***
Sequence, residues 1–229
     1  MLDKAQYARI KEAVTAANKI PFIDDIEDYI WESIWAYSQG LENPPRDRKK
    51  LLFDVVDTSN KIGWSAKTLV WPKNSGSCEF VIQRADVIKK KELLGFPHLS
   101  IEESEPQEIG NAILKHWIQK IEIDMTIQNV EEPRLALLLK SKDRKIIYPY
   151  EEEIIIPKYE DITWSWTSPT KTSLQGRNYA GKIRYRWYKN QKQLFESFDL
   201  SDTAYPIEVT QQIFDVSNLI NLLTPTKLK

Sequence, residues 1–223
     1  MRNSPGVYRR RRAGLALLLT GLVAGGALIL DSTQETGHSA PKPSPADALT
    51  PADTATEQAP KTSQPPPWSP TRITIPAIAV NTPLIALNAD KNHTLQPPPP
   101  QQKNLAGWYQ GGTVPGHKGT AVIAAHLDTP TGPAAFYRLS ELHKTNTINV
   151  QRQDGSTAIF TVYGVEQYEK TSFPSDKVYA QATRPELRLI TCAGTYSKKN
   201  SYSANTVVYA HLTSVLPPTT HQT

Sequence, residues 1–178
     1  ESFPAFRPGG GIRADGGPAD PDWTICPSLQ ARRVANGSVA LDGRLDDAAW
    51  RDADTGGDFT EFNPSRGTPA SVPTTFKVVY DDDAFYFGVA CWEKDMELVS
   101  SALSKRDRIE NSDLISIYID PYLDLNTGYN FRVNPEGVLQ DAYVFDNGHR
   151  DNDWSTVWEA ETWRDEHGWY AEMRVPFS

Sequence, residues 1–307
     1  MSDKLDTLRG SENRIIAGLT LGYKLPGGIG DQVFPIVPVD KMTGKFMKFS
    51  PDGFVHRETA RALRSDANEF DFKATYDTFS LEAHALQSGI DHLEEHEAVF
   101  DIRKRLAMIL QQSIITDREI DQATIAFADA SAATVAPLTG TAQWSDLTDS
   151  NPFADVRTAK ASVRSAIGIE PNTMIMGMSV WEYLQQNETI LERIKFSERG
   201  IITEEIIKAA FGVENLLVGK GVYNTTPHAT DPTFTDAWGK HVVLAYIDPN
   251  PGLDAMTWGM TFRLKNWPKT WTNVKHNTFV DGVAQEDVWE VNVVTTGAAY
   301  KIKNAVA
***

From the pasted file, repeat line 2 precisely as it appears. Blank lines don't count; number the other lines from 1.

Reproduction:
     1  MLDKAQYARI KEAVTAANKI PFIDDIEDYI WESIWAYSQG LENPPRDRKK